A flyer designed by the FBI and the Department of Justice to promote suspicious activity reporting in internet cafes lists basic tools used for online privacy as potential signs of terrorist activity. […] In fact, the flyer recommends that anyone “overly concerned about privacy” or attempting to “shield the screen from view of others” should be considered suspicious and potentially engaged in terrorist activities.
Viewing any content related to “military tactics” including manuals or “revolutionary literature”is also considered a potential indicator of terrorist activity. This would mean that viewing a number of websites, including the one you are on right now, could be construed by a hapless employee as an highly suspicious activity potentially linking you to terrorism.
However, many of the activities described in the document are basic practices of any individual concerned with security or privacy online.
From the flyer itself, suspicious persons are people who:
- Are overly concerned about privacy, attempts to shield the screen from view of others
- Act nervous or suspicious behavior inconsistent with activities
- Are observed switching SIM cards in cell phone or use of multiple cell phones
- Travel illogical distance to use Internet Café
(Wow this targets just about every socially anxious, poor, overloaded, or private person ever.)
And activities on computer indicate:
- Use of anonymizers, portals, or other means to shield IP address
- Suspicious or coded writings, use of code word sheets, cryptic ledgers, etc.
- Encryption or use of software to hide encrypted data in digital photos, etc.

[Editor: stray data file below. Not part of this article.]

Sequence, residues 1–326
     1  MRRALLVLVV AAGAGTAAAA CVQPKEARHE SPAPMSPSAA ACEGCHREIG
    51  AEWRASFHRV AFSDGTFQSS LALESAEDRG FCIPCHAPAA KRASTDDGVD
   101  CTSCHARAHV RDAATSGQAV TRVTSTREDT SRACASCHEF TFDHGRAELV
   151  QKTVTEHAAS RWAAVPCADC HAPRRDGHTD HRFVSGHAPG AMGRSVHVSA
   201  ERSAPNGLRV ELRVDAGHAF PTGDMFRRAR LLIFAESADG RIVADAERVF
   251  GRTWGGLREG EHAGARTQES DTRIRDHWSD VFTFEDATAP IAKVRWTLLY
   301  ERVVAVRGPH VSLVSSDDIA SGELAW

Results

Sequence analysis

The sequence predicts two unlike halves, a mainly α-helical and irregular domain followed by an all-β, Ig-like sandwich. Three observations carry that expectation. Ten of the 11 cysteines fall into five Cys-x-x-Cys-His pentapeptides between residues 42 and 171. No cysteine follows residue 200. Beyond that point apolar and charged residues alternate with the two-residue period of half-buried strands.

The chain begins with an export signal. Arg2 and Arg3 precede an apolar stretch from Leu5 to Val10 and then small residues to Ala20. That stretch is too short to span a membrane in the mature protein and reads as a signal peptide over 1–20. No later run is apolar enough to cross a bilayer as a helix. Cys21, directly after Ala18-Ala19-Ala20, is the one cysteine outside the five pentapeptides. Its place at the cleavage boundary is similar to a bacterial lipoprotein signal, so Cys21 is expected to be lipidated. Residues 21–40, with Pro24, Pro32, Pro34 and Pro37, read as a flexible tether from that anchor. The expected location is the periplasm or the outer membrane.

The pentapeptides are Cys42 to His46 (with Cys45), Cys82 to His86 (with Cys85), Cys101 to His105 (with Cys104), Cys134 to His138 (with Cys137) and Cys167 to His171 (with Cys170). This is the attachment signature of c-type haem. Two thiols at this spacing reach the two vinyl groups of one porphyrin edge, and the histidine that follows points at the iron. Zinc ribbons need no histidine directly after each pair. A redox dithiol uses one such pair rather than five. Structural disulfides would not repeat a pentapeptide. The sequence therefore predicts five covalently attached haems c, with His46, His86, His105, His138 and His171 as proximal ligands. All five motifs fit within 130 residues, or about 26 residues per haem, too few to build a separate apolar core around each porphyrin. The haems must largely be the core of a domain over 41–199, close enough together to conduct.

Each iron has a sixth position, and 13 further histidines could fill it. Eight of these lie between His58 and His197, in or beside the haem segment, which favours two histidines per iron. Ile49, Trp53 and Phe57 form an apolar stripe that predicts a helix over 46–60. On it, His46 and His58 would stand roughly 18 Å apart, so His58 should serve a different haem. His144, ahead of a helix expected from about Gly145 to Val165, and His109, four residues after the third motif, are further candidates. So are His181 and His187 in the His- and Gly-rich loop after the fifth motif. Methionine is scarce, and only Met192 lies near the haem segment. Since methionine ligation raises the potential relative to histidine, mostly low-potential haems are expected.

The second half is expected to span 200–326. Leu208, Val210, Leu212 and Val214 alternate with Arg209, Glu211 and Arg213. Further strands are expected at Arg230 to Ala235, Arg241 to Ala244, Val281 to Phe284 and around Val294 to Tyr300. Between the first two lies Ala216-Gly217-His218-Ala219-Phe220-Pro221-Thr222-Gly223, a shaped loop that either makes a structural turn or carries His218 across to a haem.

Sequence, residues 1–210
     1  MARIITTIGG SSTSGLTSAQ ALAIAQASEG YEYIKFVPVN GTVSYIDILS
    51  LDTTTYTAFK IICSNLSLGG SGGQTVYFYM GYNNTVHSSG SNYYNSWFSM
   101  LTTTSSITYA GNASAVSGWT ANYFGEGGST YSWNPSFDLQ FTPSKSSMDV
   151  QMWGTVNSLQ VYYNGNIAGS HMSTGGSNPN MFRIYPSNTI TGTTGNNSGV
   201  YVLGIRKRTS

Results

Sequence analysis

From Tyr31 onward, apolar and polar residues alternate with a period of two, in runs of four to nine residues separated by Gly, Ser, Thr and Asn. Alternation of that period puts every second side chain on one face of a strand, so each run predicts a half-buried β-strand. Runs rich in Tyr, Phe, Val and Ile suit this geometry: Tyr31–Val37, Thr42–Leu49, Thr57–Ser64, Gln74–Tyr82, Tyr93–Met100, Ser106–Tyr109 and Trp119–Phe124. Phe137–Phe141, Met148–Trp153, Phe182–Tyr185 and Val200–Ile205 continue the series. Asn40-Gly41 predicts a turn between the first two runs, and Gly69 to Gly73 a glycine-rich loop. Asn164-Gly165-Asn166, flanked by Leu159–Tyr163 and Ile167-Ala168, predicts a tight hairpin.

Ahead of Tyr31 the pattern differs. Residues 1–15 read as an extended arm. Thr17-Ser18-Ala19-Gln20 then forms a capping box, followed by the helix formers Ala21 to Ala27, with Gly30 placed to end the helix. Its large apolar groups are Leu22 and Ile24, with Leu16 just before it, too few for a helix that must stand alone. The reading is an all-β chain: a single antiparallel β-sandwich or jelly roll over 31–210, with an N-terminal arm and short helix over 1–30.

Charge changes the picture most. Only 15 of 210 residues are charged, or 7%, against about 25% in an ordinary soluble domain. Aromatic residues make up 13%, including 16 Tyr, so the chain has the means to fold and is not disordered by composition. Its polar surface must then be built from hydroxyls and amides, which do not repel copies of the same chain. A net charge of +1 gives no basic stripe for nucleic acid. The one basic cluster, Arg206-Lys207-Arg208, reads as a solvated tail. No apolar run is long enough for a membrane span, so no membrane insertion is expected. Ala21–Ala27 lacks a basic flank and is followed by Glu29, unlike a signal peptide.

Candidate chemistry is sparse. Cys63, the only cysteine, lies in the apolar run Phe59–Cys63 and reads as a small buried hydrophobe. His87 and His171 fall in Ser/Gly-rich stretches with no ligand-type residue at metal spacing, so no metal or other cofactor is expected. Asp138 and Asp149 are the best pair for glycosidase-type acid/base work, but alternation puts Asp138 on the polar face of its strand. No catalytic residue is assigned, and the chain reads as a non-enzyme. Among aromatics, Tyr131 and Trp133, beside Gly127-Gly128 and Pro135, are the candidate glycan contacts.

- Suspicious communications using VOIP or communicating through a PC game
(Guess I’m a terrorist now for using KeyScrambler or LastPass, or for only talking to people in games we happen to share.)
And they use computers to:
- Download content of extreme/radical nature with violent themes
- Gather information about vulnerable infrastructure or obtain photos, maps or diagrams of transportation, sporting venues, or populated locations
- Purchase chemicals, acids, hydrogen peroxide, acetone, fertilizer, etc.
- Download or transfer files with “how-to” content such as:
- Content of extreme/radical nature with violent themes
- Anarchist Cookbook, explosives or weapons information
- Military tactics, equipment manuals, chemical or biological information
- Terrorist/revolutionary literature
- Preoccupation with press coverage of terrorist attacks
- Defensive tactics, police or government information
- Information about timers, electronics, or remote transmitters / receivers
(A tip for the future: Don’t use Internet Cafes if you are on vacation or lost, want news, need help with something you’ve purchased or something you use at work, need to buy something for the farm…)